B. Parties' Arguments

Defendants seek to dismiss Plaintiff's state law claims on the ground Plaintiff did not file a claim with the California Victim Compensation and Government Claims Board (VCGCB) before filing suit. Accordingly, Defendants argue, Plaintiff's state law claims are barred by California's Government Tort Claims Act.

Plaintiff argues only that he is not required to file a claim with the VCGCB before bringing suit for Eighth Amendment violations pursuant to 42 U.S.C. § 1983. He does not dispute his failure to file a claim with the VCGCB, nor does he specifically argue that his state law claims are viable.

C. Legal Standard - State Law Claims

Under the California Tort Claims Act ("CTCA"), a plaintiff may not maintain an action for damages against a public employee unless he has presented a written claim to the state VCGCB within six months of accrual of the action. Cal. Gov't Code §§ 905, 911.2(a), 945.4 & 950.2; Mangold v. California Pub. Utils. Comm'n, 67 F.3d 1470, 1477 (9th Cir. 1995). Failure to demonstrate such compliance constitutes a failure to state a cause of action and will result in the dismissal of state law claims. State of California v. Superior Court (Bodde), 32 Cal.4th 1234, 1240 (2004).

D. Analysis

The Court's screening order did not address whether Plaintiff's state law claims had been presented to the VCGCB as required under the CTCA. (ECF No. 10.)

Plaintiff's complaint alleged compliance with "state tort claim... administrative procedures, and laws/regulations regarding exhaustion." (ECF No. 1 at 9.) However, documents presented by Defendants and subject to judicial notice demonstrate otherwise. The Court is not required to accept as true allegations that are contradicted by documents attached to the complaint. Roth v. Garcia Marquez, 942 F.2d 617, 625 n.1 (9th Cir. 1991). Additionally, the Court may consider documents subject to judicial notice without converting a motion to dismiss into a motion for summary judgment. Lee, 250 F.3d at 688; Mack, 798 F.2d at 1282.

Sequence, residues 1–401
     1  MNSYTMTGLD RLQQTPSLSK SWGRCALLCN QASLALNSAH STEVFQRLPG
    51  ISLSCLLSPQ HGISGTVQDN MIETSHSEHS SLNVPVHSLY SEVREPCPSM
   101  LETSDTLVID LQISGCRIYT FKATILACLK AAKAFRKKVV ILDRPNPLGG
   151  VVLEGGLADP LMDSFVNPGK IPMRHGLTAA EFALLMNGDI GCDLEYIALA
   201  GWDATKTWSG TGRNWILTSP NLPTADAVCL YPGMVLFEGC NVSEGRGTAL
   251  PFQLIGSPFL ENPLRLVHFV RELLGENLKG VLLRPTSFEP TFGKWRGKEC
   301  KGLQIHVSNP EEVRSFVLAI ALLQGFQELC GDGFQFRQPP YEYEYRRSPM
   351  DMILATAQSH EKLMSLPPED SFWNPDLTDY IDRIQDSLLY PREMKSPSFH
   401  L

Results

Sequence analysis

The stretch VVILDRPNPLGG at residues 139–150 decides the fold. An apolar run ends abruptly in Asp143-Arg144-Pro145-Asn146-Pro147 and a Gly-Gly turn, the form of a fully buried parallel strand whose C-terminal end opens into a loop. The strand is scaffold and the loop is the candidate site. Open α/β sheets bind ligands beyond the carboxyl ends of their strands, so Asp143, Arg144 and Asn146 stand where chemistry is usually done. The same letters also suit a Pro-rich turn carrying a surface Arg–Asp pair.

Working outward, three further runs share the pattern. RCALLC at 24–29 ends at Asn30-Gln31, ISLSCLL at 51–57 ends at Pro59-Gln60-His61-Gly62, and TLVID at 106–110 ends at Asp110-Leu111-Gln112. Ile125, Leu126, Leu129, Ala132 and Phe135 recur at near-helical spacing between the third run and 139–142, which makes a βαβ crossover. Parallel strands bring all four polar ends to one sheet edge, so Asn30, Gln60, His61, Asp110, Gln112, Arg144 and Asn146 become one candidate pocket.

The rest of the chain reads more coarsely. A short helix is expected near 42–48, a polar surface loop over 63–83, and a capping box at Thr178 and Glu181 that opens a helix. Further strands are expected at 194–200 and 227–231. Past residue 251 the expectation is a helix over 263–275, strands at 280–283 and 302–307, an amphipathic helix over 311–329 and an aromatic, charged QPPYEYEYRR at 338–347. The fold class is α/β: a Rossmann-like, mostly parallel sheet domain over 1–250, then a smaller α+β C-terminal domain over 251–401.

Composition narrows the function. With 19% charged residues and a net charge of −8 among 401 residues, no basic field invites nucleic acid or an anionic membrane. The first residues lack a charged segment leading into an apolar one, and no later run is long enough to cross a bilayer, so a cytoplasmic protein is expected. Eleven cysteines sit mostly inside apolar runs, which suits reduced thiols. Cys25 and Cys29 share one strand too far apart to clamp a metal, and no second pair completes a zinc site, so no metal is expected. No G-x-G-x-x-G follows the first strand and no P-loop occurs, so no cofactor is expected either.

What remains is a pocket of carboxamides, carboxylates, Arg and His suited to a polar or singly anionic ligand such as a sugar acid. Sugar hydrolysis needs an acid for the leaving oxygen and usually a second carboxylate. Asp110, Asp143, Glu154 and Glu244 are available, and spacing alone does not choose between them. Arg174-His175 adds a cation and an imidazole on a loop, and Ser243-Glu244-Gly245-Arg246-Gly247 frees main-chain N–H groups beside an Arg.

Based on the letter from the VCGCB and the arguments presented by the parties, it is apparent that Plaintiff did not present his claims to the VCGCB as required under the CTCA. Accordingly, his state law claims must be dismissed. Defendants' motion for partial dismissal should be granted.

VI. CONCLUSION AND RECOMMENDATION

Based on the foregoing, the Court finds that Plaintiff failed to present his state law claims in accordance with the CTCA, and his state law claims therefore are barred. Accordingly, the Court recommends that Defendants' request for judicial notice (ECF No. 26) and motion for partial dismissal (ECF No. 25) be granted, and that the case remain open for further proceedings on Plaintiff's Eighth Amendment claims.

These findings and recommendations will be submitted to the United States District Judge assigned to the case, pursuant to the provisions of Title 28 U.S.C. § 636(b)(1). Within fourteen (14) days after being served with the findings and recommendations, the parties may file written objections with the Court. The document should be captioned "Objections to Magistrate Judge's Findings and Recommendations." A party may respond to another party's objections by filing a response within fourteen (14) days after being served with a copy of that party's objections. The parties are advised that failure to file objections within the specified time may result in the waiver of rights on appeal. Wilkerson v. Wheeler, 772 F.3d 834, 839 (9th Cir. 2014) (citing Baxter v. Sullivan, 923 F.2d 1391, 1394 (9th Cir. 1991)).

IT IS SO ORDERED.


Buy This Entire Record For $7.95

Official citation and/or docket number and footnotes (if any) for this case available with purchase.

Learn more about what you receive with purchase of this case.